Subjective perceptions, biases, mental representations, and stereotypes hinder individual and collective actors' understanding of social systems. Each person perceives the world from an angle that depends on his or her life trajectory, the sum of his or her past choices, education, and self-constructed preferences. Sociologists strive to objectify the mental representations that circulate in these systems through their immersion and their observations, questionnaires or surveys. 

It is difficult to have an objective and balanced view of social systems because the trainer, the observer or the learner are always situated in this system and never in a position of exteriority. In group training, especially when the groups are heterogeneous, it is possible to encourage adults to take into account their biases in order to better interact together.

How to learn to understand and act in a social system?

All forms of dialogue or open and constructive discussions are opportunities for adults to recognize and respect differences in values and place in the system. Learning about social systems can be done formally or informally. Through university courses in the social sciences (such as sociology, anthropology, social psychology, etc.), through professional trainings, such as management, human relations, negotiation trainings, through webinars and online trainings offered by educational institutions, professional organizations or independent consultants.

But informal means are also relevant, with books and articles on social systems through social networking, to exchange information, ideas and opinions on social systems. Internet users can follow experts, share articles and interact with others who are interested in the topic. They are responsible for their own learning and can be exposed to different points of view.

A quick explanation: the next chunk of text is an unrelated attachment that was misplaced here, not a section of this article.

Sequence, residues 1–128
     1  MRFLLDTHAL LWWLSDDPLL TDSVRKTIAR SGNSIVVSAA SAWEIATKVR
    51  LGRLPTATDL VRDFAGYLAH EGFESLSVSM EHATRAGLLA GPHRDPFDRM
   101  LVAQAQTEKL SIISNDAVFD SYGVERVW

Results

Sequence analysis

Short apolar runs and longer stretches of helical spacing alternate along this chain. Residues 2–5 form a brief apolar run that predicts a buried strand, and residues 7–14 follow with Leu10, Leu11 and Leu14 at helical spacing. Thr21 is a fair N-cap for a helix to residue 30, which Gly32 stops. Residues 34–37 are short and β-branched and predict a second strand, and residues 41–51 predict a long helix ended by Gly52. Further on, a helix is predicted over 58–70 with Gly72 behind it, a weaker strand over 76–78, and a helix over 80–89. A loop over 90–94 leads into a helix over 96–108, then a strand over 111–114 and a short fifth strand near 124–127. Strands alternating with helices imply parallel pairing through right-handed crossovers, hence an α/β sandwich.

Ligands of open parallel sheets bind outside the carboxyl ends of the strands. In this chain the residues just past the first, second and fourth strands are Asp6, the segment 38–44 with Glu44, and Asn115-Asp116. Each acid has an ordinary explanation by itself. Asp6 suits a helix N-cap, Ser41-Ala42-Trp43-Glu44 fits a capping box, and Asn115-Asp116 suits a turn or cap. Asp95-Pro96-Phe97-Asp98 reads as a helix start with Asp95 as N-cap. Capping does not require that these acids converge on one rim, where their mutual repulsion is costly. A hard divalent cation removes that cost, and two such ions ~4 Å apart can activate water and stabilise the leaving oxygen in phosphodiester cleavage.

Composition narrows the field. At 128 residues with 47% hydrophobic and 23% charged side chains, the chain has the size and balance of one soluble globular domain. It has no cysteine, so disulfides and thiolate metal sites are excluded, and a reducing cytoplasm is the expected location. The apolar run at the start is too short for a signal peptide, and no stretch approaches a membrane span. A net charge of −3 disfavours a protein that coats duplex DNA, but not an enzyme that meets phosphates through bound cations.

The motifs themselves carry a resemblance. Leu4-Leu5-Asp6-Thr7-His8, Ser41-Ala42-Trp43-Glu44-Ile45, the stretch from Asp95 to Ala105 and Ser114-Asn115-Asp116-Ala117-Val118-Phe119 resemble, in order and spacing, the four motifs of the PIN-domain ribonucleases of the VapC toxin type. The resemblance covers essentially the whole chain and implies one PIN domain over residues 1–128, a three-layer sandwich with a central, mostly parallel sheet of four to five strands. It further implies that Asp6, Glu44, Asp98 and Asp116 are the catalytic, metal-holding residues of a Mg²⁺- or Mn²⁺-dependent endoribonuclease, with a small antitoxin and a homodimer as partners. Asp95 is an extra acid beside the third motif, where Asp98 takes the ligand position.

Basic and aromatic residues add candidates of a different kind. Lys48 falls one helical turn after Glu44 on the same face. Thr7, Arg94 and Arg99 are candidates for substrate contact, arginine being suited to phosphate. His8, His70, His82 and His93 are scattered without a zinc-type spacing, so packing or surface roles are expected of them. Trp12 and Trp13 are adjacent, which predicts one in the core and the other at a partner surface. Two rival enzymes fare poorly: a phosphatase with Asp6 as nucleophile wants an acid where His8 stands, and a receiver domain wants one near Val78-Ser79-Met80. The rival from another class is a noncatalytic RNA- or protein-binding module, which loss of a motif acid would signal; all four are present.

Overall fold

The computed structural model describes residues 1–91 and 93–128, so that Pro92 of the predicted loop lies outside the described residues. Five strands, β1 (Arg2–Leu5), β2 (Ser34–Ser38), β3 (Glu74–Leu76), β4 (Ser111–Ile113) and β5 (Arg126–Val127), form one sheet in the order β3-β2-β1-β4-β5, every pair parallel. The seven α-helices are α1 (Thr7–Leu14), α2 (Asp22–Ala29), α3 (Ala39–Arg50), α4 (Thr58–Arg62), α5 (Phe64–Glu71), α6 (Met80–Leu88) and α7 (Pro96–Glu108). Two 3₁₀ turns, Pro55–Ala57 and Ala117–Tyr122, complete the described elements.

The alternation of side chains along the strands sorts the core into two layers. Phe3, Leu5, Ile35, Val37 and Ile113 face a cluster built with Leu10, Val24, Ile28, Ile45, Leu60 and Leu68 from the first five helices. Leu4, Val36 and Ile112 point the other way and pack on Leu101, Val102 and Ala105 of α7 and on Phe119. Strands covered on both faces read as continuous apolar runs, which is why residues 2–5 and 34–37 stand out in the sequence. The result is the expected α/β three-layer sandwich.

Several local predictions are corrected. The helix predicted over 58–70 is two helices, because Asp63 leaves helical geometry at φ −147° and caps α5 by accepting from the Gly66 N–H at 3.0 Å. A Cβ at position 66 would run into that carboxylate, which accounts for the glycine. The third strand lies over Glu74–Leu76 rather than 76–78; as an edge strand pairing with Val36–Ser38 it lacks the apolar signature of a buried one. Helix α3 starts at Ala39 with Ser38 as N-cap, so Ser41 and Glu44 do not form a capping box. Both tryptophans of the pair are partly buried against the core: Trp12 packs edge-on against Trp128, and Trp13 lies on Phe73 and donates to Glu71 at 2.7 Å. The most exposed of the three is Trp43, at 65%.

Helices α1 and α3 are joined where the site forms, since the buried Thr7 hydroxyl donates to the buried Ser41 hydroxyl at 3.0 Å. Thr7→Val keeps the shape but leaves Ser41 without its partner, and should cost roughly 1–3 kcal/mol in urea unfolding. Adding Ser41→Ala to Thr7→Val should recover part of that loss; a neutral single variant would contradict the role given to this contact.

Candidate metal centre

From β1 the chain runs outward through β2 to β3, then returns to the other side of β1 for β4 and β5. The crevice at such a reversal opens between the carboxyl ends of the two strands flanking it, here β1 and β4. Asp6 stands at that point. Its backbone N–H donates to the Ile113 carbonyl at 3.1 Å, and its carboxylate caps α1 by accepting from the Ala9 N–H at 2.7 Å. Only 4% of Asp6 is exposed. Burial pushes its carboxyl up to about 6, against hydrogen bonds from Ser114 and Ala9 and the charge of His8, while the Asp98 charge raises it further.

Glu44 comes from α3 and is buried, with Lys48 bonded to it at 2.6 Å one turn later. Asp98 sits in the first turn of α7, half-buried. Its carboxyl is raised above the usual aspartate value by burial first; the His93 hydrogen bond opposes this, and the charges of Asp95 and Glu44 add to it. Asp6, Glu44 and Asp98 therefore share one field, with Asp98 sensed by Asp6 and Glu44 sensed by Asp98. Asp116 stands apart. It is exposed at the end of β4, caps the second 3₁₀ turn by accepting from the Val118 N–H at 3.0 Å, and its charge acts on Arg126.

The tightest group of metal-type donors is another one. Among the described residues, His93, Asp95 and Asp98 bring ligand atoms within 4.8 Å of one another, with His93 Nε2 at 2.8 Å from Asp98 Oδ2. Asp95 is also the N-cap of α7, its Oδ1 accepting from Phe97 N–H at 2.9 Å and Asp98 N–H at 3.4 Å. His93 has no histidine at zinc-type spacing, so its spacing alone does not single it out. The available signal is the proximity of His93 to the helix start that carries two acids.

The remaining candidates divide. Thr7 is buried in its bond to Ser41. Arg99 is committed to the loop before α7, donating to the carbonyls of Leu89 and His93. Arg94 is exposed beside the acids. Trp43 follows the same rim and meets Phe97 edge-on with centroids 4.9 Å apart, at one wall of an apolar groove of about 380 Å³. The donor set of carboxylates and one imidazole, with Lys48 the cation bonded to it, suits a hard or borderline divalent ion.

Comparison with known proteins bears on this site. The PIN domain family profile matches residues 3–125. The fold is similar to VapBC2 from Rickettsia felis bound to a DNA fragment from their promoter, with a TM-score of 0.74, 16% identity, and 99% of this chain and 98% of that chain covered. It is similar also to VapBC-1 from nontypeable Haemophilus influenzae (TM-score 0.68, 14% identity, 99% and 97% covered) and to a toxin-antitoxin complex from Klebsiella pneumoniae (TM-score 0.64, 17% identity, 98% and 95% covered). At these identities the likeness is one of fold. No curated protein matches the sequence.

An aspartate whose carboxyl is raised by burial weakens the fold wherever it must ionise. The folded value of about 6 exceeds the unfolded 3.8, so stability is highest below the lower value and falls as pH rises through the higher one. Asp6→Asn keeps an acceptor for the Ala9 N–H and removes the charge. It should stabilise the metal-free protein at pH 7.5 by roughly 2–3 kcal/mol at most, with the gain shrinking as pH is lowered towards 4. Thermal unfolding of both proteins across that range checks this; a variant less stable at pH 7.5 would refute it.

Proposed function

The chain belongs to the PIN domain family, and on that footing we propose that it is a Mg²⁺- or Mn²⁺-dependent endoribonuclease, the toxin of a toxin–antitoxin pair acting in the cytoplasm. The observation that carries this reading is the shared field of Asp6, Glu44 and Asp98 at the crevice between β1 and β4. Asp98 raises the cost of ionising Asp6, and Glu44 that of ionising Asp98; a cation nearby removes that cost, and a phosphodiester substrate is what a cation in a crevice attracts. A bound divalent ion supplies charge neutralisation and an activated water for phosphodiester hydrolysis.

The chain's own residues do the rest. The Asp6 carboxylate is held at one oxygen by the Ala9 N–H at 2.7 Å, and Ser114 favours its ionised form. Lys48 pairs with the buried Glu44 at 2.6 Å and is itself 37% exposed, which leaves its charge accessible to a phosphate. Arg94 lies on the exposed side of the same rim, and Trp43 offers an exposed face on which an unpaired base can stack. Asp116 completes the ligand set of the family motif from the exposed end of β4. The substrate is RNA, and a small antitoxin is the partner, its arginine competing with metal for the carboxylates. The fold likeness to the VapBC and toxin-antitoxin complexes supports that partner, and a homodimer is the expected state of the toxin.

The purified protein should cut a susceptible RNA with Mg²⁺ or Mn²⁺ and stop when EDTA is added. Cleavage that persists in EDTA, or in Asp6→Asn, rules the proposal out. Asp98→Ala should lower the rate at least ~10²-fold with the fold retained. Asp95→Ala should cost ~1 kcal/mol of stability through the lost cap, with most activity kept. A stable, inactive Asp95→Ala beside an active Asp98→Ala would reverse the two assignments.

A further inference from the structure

Probably the richest human activities to better understand social systems, fall under participant observation, which involves actively participating in a social system, observing the interactions and behaviors of members, and taking note of the norms, values, and practices that govern the system. Simulations can recreate complex social situations, using models and scenarios to understand the interactions and relationships among the different elements of the social system. 

Debates and discussions can provide an opportunity to confront different perspectives and viewpoints, and to better understand the issues and challenges facing social systems. In informal study groups, circles, or communities of interest, members can meet regularly to discuss readings, share ideas, and practice social systems analysis exercises dealing with local life,  culture,  specific problems of an organization or association. 

Probably the most proven way of "learning to do social" relies on all forms of dialogue around a common topic. All dialogues are then interesting, dialogue circles,  talking circles, reflection circles, learning circles, problem solving circles aim to explore complex situations or challenges encountered in a social system and to seek solutions or alternatives together. (Cristol, 2017

Empowering skills learned in a dialogue circle

Attending a dialogue circle can contribute to the transformation of a social system in different ways, depending on the circle's goals and practices, as well as the contexts in which it is embedded. A circle helps to foster mutual understanding, encourage critical reflection develop dialogue skills in participants, building their capacity to communicate effectively, listen actively, formulate relevant questions, respect other points of view and seek constructive consensus.

Finally, the dialogue circle stimulates participants' commitment to and action on social system transformation by increasing their understanding of the issues and challenges they face, inspiring them to think about concrete solutions, and encouraging them to act individually and collectively for change.


Docebo. What is social learning and how to adopt it

Wikipedia. EmancipationÉmancipation  

Bernard-Weil, É. (1999). The theory of ago-antagonistic systems. Debate, (4), 106-120.  

Louis, D. (2002). The theory of contingency. Publications Studies & Analyses.

Lacaze, L. (2013). Blumer's symbolic interactionism revisited. Societies, 121, 41-52.

Wikipedia Edgard Morin  

Kawamoto, H. (2011). Autopoiesis and the "individual" in the making. Revue philosophique de la France et de l'étranger, 136, 347-363. 

Crozier, M., & Friedberg, E. (1977). The actor and the system.

Cristol, D. (2017). Learning communities: learning together. Knowledge, 43, 10-55.